It’s 9.39pm and I have just returned from The Great New Zealand Crime Debate, which acted, as was stated tonight, as either precursor or foreplay to the presentation of the Ngaio Marsh Award for Best Crime Novel 2012. Tonight was another one of those events that you really should have gone to. Ms Scotland and I laughed till we cried, applauded loudly at many places, were vastly entertained and occasionally startled, and on one memorable occasion somewhat shocked by the proceedings. Joycie will no doubt give a full run-down of the evening’s entertainment soon, but in the interests of getting the news out in a timely manner, I would now like to announce that the winner of the third annual Ngaio Marsh Award was Neil Cross, for his book Luther: the Calling.
Charmingly, he had made no preparations for winning, and had no speech prepared. We therefore got an off-the-cuff acceptance speech about his wife’s hate mail, the time he nearly got killed (note: the word ‘killed’ here is a substitute for another word I hesitate to use on a family-friendly blog) and eaten on the way to a literary festival, and how much in love with New Zealand he still is.
A big congratulations to all the short-listed finalists, and especially to Neil Cross, as well as a really big thank you to The Pres Christchurch Writers Festival organisers, who once again provided a fantastic evening’s entertainment. Well done all, and THANKS – we love you!
Some of you may have noticed title changes in some of our Gale Cengage online products. This is because Gale has re-branded its Resource Center products into In Context. We will continue to get the same quality information that we have come to expect from these resources but now they will also have a more interactive interface!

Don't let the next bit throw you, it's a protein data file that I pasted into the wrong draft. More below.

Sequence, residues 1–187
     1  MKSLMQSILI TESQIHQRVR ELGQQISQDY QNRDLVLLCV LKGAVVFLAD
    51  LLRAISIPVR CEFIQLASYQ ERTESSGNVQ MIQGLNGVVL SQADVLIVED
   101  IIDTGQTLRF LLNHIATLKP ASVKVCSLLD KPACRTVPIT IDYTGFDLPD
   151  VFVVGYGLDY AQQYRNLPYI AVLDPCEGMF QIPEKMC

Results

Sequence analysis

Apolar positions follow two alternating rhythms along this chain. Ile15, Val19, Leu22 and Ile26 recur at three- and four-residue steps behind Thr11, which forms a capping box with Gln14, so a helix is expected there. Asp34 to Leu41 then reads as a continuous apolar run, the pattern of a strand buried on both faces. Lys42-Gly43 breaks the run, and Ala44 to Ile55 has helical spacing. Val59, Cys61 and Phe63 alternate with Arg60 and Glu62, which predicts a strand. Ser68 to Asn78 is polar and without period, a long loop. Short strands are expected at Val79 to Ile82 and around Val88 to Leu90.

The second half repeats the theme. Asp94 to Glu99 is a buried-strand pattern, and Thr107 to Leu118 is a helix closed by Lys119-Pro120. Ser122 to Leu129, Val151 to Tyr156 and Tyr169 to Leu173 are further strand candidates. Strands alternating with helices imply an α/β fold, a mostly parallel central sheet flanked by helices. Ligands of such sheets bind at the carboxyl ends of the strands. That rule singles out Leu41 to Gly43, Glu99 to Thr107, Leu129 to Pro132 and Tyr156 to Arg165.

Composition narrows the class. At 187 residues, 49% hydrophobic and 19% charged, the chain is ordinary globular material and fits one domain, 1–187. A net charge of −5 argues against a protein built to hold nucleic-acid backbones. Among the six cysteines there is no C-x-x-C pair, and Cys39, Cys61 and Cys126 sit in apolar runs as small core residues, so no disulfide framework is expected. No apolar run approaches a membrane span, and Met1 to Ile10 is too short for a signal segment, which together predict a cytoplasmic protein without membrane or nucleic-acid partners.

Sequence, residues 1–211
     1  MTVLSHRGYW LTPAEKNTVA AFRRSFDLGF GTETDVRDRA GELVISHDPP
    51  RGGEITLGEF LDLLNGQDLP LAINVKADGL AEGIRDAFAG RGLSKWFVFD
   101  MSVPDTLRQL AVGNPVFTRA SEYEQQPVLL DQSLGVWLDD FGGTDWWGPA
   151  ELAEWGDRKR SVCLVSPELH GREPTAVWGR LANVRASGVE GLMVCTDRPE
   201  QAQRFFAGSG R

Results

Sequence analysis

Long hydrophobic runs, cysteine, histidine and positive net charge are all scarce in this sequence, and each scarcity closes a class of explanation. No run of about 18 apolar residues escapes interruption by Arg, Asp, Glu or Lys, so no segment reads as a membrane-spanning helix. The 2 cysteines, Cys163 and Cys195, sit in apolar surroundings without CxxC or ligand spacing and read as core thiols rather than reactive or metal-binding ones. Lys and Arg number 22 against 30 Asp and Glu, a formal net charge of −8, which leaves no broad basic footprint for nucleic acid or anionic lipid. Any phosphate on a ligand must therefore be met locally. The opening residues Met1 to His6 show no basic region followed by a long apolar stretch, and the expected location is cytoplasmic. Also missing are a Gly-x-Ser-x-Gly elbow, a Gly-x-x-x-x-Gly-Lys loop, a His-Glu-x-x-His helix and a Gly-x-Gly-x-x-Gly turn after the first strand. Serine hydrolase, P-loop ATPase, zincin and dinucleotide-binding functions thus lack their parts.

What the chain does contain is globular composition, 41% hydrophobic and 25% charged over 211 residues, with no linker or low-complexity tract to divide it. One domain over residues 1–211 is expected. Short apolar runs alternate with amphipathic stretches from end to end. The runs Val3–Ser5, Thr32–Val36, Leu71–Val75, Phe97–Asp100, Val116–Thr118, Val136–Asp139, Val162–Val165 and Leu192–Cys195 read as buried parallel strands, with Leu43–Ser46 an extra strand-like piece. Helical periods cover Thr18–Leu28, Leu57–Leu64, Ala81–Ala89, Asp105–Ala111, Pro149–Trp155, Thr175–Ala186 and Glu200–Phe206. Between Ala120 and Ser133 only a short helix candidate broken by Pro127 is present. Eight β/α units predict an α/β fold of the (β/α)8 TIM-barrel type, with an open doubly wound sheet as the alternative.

What benefits will be derived from this apart from name changes I hear you ask? Gale has told us that “It’s not just a replacement. It’s a reinvention”. Goodness!
In practical rather than marketing terms this means increased media content such as interactive maps, audio and video. These products will also include more user tools such as Web 2.0 sharing to popular social networks, search assist that suggests keyword phrases, ReadSpeaker text-to-speech technology and customizable RSS feeds. Gale’s aim is to transition to a “user experience which integrates content with engaging, highly-relevant and media-rich results delivered in context through Web-like portal pages.”
Let’s face it, we all love a good debate.
If you want to win the debating prize at school or those arguments around the dinner table, then this is the resource that will equip you. Opposing Viewpoints Resource Center is the premier database covering today’s hottest social issues, from terrorism, endangered species, stem cell research, abortion to gun control.
Opposing Viewpoints Resource Center helps develop critical-thinking by bringing together a variety of information on social issues. An excellent resource for those wishing to do in-depth investigations about major contentious topics for school, work, research or out of intellectual curiosity:
- More than 9,100 pro and con viewpoint articles
- Nearly 5,000 topic overviews
- More than 300 primary source documents
- More than 1,800 images and links to Google Image search
- More than 140 full-text magazines, academic journals and newspapers
- Nearly 6,000 statistical tables, charts and graphs
This database has a user-friendly interface that can be configured to different content levels – basic, intermediate and advanced to help users choose appropriate content for their abilities.
A translation feature also allows users to translate documents into Spanish, French, Japanese, German, Italian and simplified Chinese and Korean.
Access to this easy to use database is one of the many benefits of library membership. You can access Opposing Viewpoints and many other useful databases from home with your library card number and PIN, or at our community libraries!